George W. Bush photo

Remarks at a Luncheon Hosted by Chancellor Gerhard Schroeder of Germany in Mainz, Germany

February 23, 2005

Gerhard, before I raise my imaginary glass—[laughter]—I do want to thank you for your hospitality. You and Doris have been very kind to Laura and me, and we appreciate that. I want to thank all the folks who have come to say hello from around this great country. It means a lot to both of us that you're here.

You know, in the course of my political career, I've often been accused of following in my father's footsteps. I don't know why people say that. [Laughter] I'm proud to be here, 16 years after he was here. I hope he brought my mother because, like me, we both married above ourselves. [Laughter] I'm proud to be traveling with Laura.

The first trip I took since my second inauguration was to Europe, because Europe is a vital relationship for the United States of America. It is in my Nation's interest that Europe be strong. We want a strong partner for peace and freedom. We can't have good, strong relations with Europe if we don't have good relations with Germany. This great nation is the heart of Europe.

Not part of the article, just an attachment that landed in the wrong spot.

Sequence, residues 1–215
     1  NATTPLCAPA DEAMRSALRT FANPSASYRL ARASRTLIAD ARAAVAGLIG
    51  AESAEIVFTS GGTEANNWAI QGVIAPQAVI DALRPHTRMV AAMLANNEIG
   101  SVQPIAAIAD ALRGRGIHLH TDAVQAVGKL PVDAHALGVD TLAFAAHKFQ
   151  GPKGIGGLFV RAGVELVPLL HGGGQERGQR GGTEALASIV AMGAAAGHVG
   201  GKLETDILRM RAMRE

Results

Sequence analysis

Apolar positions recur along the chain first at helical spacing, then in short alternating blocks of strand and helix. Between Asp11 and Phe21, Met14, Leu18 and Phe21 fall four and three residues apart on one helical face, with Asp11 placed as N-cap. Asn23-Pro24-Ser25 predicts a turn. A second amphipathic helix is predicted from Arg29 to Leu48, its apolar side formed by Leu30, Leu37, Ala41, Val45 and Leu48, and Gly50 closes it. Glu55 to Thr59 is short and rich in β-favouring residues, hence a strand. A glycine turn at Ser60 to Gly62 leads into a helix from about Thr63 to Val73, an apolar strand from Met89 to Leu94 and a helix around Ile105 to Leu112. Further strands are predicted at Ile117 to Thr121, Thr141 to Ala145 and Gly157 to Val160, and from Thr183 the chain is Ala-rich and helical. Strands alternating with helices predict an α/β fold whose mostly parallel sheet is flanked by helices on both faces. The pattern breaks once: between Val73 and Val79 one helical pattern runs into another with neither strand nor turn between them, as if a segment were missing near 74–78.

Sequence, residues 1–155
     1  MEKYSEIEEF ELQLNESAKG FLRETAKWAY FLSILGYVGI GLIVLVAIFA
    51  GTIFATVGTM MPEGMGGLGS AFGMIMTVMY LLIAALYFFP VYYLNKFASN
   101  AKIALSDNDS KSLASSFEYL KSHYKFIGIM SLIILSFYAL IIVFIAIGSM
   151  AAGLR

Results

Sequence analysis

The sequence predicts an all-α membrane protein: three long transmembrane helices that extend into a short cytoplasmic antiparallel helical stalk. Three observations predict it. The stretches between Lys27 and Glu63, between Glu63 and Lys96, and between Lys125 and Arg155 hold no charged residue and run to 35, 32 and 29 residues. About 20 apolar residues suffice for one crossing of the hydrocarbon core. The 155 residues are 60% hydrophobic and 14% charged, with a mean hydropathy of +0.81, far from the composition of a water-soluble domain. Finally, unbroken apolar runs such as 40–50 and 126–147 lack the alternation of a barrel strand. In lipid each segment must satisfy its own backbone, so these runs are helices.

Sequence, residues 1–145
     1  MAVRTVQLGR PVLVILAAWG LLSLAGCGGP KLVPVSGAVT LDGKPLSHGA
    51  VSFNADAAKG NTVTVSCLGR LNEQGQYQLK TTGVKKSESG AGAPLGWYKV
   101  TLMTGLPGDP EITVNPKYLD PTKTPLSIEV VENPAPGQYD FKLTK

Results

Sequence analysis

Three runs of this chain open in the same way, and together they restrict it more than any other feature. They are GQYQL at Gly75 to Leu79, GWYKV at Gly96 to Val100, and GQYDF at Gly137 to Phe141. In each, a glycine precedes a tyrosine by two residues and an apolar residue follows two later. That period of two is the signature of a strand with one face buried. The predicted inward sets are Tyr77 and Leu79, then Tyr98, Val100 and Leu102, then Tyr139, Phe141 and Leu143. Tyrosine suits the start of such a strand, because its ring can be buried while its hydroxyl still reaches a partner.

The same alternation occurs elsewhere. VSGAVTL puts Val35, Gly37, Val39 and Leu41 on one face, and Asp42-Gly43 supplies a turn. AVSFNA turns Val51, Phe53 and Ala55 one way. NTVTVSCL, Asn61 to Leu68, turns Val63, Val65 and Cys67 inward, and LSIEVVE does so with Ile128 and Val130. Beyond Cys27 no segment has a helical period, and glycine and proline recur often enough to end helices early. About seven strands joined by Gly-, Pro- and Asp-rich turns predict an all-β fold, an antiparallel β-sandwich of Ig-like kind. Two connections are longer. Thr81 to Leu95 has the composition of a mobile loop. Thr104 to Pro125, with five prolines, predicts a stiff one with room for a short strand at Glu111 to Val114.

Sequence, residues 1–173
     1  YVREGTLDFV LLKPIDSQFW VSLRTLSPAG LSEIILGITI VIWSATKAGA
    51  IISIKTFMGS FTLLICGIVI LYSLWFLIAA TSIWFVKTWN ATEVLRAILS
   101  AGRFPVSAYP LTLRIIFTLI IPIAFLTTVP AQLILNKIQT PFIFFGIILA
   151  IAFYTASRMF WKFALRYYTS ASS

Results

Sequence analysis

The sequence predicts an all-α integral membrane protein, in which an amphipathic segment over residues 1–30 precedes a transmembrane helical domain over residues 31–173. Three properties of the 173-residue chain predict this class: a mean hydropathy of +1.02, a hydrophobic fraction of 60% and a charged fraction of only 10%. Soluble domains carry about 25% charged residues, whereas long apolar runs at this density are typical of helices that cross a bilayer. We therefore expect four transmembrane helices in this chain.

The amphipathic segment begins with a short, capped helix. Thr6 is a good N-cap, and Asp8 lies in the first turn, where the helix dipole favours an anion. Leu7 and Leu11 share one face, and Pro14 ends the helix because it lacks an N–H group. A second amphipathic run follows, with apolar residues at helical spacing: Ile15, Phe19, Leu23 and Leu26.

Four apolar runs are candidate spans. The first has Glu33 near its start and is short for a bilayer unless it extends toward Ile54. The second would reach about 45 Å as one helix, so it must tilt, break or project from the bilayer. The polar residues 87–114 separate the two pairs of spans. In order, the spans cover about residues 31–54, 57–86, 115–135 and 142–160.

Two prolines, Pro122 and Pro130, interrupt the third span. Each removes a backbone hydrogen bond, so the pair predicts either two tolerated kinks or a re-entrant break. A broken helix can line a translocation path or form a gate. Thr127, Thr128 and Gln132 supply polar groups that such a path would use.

My trip today should say to the people of this good country and my country that past disagreements are behind us, and we're moving forward for the good of mankind. And that shouldn't be a surprise to people, because we believe in human rights and human dignity and the worth of every individual.

And so today I come to Germany to raise my imaginary glass to our friendship, our relationship, our ability to work together, and for freedom and peace. May God bless you all.

NOTE: The President spoke at 11:58 a.m. in the Grosser Saal Lobby of the Electoral Palace. In his remarks, he referred to Doris Schroeder-Koepf, wife of Chancellor Schroeder. The transcript released by the Office of the Press Secretary also included the remarks of Chancellor Schroeder.

George W. Bush, Remarks at a Luncheon Hosted by Chancellor Gerhard Schroeder of Germany in Mainz, Germany Online by Gerhard Peters and John T. Woolley, The American Presidency Project

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